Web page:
Although the public part of the worldwide experiment is coming to an end this month, the world’s greatest extraterrestrial hunt is far from finished.
|In 1995, the computer scientist David Gedye had an idea that could only originate at a cocktail party. What if the world’s personal computers were linked together on the internet to create a virtual supercomputer that could help with SETI, the||
By Daniel Oberhaus
search for extraterrestrial intelligence? The network would be able to sort through the massive amounts of data being collected by radio telescopes, seeking signals that might point to an alien civilization around another star. A distributed supercomputer sounded outlandish at the time, but within four years, Gedye and his collaborators had built the software to make it a reality. They called it [email protected]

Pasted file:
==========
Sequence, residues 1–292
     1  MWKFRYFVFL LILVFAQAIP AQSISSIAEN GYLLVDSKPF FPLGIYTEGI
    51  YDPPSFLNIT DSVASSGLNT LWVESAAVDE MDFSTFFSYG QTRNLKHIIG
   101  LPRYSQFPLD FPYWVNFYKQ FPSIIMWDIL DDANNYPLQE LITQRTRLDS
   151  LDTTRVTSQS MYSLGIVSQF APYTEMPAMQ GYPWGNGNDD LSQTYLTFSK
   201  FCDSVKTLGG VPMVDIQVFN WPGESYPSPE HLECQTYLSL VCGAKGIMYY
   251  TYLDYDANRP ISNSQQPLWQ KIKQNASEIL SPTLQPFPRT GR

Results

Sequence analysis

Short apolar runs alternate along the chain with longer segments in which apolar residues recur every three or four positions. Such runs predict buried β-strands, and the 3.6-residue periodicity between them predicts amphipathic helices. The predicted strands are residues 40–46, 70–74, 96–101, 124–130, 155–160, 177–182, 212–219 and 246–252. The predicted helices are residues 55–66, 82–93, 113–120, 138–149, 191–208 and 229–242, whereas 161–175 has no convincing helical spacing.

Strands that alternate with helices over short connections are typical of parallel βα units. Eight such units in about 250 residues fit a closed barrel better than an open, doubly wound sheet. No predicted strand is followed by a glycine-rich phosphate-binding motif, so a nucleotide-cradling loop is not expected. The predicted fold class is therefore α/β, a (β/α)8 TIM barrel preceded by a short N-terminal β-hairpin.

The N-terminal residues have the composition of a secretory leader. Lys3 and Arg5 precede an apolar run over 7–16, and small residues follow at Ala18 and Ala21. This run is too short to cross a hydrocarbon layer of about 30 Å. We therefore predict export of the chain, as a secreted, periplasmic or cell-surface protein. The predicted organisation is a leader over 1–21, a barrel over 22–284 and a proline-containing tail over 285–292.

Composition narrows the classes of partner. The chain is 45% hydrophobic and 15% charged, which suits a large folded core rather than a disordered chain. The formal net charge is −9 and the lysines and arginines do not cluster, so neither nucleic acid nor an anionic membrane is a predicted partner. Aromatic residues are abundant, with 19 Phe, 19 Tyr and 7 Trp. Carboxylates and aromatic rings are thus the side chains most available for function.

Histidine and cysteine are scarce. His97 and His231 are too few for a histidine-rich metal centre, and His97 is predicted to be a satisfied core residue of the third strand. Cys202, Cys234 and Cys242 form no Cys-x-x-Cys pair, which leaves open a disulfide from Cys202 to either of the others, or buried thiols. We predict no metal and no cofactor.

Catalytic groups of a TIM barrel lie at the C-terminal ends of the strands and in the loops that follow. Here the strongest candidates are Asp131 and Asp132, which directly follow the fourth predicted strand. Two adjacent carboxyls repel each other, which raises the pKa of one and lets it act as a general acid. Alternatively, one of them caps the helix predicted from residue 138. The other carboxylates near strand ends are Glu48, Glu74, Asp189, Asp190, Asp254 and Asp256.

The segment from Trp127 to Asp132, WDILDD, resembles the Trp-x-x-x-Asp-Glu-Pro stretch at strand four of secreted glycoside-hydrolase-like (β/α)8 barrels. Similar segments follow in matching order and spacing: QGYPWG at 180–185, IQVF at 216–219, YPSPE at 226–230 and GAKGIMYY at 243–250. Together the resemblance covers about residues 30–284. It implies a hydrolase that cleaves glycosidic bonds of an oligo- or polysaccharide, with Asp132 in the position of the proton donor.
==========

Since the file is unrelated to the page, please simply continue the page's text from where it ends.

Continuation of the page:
On Tuesday, researchers at the Berkeley SETI Research Center announced they would stop distributing new data to [email protected] users at the end of March. It marks the culmination of an unprecedented 20-year experiment that engaged millions of people from almost every country on earth.